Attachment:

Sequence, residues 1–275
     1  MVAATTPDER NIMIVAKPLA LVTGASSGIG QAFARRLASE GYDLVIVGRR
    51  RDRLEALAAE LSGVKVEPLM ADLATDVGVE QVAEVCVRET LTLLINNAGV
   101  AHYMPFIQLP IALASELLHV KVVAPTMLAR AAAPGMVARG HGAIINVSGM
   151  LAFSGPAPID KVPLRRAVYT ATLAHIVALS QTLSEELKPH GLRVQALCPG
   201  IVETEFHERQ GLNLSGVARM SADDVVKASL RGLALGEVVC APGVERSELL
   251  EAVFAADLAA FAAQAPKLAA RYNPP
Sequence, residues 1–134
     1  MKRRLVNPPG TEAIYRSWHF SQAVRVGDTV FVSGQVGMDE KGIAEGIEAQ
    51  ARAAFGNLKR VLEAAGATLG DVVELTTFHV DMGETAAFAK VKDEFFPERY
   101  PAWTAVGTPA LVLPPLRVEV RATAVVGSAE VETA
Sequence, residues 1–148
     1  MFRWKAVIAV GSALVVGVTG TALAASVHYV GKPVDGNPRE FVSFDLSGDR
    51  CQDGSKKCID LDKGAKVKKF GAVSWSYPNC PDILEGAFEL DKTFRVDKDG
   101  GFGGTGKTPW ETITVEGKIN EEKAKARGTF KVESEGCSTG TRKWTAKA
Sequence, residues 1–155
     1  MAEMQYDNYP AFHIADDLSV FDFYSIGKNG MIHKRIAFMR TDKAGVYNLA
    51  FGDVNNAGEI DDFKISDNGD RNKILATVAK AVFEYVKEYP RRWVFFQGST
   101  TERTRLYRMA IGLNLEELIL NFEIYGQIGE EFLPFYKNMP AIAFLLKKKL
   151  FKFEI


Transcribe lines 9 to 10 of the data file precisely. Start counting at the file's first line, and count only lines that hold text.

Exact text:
     1  MKRRLVNPPG TEAIYRSWHF SQAVRVGDTV FVSGQVGMDE KGIAEGIEAQ
    51  ARAAFGNLKR VLEAAGATLG DVVELTTFHV DMGETAAFAK VKDEFFPERY